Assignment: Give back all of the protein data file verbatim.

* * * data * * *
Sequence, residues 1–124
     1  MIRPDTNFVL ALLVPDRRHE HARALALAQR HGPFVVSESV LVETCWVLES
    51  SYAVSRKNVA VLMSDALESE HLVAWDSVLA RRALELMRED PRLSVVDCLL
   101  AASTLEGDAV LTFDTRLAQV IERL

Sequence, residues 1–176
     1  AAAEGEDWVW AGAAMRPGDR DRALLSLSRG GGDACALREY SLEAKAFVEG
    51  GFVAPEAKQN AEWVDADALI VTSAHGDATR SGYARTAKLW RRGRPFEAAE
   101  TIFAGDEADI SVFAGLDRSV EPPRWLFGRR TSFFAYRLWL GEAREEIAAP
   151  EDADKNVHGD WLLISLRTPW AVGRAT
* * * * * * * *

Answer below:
Sequence, residues 1–124
     1  MIRPDTNFVL ALLVPDRRHE HARALALAQR HGPFVVSESV LVETCWVLES
    51  SYAVSRKNVA VLMSDALESE HLVAWDSVLA RRALELMRED PRLSVVDCLL
   101  AASTLEGDAV LTFDTRLAQV IERL

Sequence, residues 1–176
     1  AAAEGEDWVW AGAAMRPGDR DRALLSLSRG GGDACALREY SLEAKAFVEG
    51  GFVAPEAKQN AEWVDADALI VTSAHGDATR SGYARTAKLW RRGRPFEAAE
   101  TIFAGDEADI SVFAGLDRSV EPPRWLFGRR TSFFAYRLWL GEAREEIAAP
   151  EDADKNVHGD WLLISLRTPW AVGRAT